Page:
For, oh what a lovely house this was! — Long before any one else was astir, Cuffy had pattered out barefoot to explore; and, all his life after, he loved an empty house for its sake. It had nothing but doors, which spelt freedom: even the windows were doors. There were no stairs. A passage went right down the middle, with a door at each end which always stood open, and three room-doors on each side. You could run out of any of the windows and tear round the verandah, to play Hide-and-Seek or Hi-spy-hi. And not even Eliza was there to say: “Don’t!” or “You mustn’t!” She was in the far-away kitchen, scrubbing or washing up. They had breakfast off a packing-case, which was great fun; and Papa was so nice, too. The very first morning he explained what the bush meant; and took them all out walking to find it; and then Cuffy learnt that it was not ONE bush he had come to see but lots of bushes; with trees so high that, even if you almost broke your neck bending back, you couldn’t see the end of them.

Dancing ahead of Papa, who held hands with the Dumplings, and sometimes walking backwards to hear better, Cuffy fired question after question. How did the bush get there? Why did nobody live in it? What were all the holes full of water? Why were they abandoned? Why did people dig for gold? How did they do it? Why was money? — a fusillade of questions, to which on this day he got full and patient answers. Papa gave them each a threepenny bit, too, to spend as they liked. The twins carried theirs squeezed tight to show Mamma; but he put his in his pocket.

On the way home they went along a street where there were lots of little shops. Men were leaning against the verandah posts, smoking and spitting; and other men came to the doors and stared. Papa was very polite to them, and said “Good morning!” to everybody with a little bow, and whether they did or not. And sometimes he said as well: “Yes, these are my youngsters! Don’t you think I’ve reason to be proud of them?” . . . and as often as this happened, Cuffy felt uncomfortable. For these weren’t the sort of men you stopped and talked to: you just said good morning and went home. Besides, they didn’t seem as if they WANTED to speak to you. They didn’t take their pipes out; and some of them looked as if they thought Papa was funny . . . or silly. Two winked at each other when they thought he wasn’t looking — made eyes like Cook and Eliza used to do.

Then at a hotel they met a fat, red-faced man — the landlord, Papa said — who seemed at first to be going to be nicer. When Papa pushed them forward and said: “My young fry arrived at last, you see!” he smiled back and said: “And a very jolly little set of nippers, too! Pleased to know you, missies! How do, sir, how do! Now what will yours be?”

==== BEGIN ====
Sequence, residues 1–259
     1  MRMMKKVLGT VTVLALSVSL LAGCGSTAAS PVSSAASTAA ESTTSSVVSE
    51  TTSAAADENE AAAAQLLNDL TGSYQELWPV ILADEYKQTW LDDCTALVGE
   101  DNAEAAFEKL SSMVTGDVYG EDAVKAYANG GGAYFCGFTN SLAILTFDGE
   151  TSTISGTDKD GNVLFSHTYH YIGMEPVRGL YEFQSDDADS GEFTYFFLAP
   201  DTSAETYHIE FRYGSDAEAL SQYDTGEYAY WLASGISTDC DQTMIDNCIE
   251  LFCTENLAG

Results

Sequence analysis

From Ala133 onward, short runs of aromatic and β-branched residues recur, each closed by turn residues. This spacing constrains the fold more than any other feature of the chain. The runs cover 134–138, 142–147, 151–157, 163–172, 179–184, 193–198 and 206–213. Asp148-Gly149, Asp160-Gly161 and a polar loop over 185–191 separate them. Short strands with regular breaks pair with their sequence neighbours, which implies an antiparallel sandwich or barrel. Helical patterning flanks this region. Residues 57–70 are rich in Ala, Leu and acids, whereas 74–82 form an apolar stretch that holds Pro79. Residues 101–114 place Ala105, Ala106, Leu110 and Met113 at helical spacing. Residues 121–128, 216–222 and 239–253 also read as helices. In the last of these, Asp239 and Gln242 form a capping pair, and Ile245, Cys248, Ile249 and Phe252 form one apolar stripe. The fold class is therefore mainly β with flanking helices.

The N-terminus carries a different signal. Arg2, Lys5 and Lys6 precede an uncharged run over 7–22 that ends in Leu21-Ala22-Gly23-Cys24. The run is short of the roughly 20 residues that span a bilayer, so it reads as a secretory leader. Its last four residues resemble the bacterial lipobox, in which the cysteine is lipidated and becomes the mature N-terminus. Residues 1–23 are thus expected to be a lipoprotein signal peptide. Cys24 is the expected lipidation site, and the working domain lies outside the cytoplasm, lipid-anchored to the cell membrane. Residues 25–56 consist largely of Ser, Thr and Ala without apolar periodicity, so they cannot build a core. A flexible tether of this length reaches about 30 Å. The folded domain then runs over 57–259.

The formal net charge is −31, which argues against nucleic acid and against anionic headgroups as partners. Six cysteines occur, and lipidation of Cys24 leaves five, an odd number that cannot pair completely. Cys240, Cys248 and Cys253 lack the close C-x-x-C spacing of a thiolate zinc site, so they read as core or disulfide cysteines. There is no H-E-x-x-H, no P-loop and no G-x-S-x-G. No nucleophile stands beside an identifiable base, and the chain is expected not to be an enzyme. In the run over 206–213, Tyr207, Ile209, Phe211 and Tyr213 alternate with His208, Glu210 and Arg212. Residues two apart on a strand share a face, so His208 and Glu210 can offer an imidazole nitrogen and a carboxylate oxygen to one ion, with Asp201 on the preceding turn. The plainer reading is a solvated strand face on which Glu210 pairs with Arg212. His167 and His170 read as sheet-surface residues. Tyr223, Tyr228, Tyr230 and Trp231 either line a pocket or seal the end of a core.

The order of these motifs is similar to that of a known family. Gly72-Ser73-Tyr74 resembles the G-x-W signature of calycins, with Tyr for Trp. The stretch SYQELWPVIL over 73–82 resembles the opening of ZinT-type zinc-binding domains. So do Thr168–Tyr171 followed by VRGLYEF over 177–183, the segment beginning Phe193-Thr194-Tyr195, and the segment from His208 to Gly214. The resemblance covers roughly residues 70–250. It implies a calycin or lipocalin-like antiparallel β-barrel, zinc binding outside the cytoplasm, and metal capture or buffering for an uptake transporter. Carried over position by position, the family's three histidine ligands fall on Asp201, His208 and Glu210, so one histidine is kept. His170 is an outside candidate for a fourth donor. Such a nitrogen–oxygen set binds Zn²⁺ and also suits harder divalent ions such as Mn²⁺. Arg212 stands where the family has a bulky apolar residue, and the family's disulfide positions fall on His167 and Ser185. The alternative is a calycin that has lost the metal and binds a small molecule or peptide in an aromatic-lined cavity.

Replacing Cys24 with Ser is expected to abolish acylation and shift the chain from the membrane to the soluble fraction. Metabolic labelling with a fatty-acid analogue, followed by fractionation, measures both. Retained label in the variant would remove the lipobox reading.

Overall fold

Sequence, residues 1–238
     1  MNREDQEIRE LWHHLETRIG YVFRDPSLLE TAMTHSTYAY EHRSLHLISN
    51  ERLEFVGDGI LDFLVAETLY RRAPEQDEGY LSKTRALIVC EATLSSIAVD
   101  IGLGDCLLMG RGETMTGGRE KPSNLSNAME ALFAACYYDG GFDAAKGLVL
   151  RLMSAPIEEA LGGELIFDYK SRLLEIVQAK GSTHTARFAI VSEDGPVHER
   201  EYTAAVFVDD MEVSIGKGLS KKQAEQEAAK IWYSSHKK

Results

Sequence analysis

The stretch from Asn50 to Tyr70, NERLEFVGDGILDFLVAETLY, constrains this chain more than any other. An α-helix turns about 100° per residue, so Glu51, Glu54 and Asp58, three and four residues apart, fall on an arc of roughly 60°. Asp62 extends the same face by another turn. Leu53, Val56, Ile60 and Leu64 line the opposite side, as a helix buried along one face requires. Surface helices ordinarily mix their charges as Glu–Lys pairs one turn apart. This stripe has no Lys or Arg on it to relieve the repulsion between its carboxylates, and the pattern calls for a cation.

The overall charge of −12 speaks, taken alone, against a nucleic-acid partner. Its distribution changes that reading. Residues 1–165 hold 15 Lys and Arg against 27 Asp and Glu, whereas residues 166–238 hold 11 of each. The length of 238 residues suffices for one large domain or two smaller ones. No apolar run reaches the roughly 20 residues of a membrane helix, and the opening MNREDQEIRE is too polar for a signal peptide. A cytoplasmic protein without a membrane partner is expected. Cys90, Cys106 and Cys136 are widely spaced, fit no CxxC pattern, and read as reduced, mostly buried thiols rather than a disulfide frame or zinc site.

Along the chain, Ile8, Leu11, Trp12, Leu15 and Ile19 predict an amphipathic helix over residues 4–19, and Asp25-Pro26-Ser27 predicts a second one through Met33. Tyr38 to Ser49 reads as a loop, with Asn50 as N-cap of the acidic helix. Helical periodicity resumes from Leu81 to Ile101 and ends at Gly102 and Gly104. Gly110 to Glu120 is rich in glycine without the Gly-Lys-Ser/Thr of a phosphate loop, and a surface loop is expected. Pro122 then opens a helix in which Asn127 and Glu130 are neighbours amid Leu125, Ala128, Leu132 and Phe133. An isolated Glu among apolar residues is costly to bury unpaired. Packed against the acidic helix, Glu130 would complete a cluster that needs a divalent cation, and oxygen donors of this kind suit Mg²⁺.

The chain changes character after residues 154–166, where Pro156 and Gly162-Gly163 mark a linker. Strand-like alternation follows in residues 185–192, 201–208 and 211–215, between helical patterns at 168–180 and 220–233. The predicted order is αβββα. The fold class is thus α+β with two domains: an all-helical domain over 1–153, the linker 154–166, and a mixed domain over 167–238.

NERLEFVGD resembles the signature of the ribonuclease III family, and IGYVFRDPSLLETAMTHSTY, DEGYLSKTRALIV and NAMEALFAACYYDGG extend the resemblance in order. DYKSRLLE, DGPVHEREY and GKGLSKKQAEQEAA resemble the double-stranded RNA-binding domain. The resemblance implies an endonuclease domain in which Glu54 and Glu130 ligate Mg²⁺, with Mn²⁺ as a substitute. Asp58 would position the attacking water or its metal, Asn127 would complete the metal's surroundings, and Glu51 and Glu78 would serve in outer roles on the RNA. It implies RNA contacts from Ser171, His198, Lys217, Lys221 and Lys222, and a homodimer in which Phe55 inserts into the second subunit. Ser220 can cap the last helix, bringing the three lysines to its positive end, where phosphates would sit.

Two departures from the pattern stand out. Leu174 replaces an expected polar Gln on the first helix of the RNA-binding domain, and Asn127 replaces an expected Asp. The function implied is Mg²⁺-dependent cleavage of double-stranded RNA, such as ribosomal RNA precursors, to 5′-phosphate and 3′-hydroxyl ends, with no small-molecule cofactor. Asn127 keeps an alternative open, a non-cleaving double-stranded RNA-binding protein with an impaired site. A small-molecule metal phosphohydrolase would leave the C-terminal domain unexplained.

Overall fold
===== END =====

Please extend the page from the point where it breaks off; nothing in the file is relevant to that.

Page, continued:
“Cuthbert Hamilton Townshend-Mahony,” replied Cuffy, lightning-quick and politely. He was dumbfounded by the roar of laughter that went up at his words; not only the landlord laughed, but lots of larrikins, who stood round the bar. Even Papa laughed a little, in a funny, tight way.

Mamma didn’t though. Cuffy heard them talking, and she sounded cross. “Surely, Richard, you needn’t drag the children in as well?”

Papa was snappy. “I don’t think, Mary, you quite realise how necessary it is for me to leave no stone unturned.”

“I can’t help it. I’m not going to have my children mixed up in the affair.” When Mamma was cross she always said “MY children.”

Cuffy didn’t wait to hear more. He ran down the garden, where he mooned about till dinner-time. He wouldn’t ever — no, he wouldn’t! — go down the street where those horrid men were again. And if he saw them, he’d stamp his feet at them and call them nasty names. And he’d tell Papa not to — he wouldn’t let him; he’d hold on to his coat. For they didn’t like Papa either.

“Ooo . . . tum on! Us’ll dance, too,” cried the twins. And taking hands they hopped and capered about the drawing-room, their little starched white petticoats flaring as they swung. For Papa was dancing with Mamma. He had seized her by the waist and polked her up the passage, and now was whirling her round, she trying to get loose and crying: “Stop, Richard, stop! You’ll make me sick.” But Papa just laughed and twirled on, the Dumplings faithfully imitating him, till, crash, bang! a vase of Parian marble on the big centre table lost its balance, toppled over and was smashed to atoms.

“There! . . . that’s just what I expected. There’s no room here for such goings-on,” said Mary as she stooped to pick up the fragments.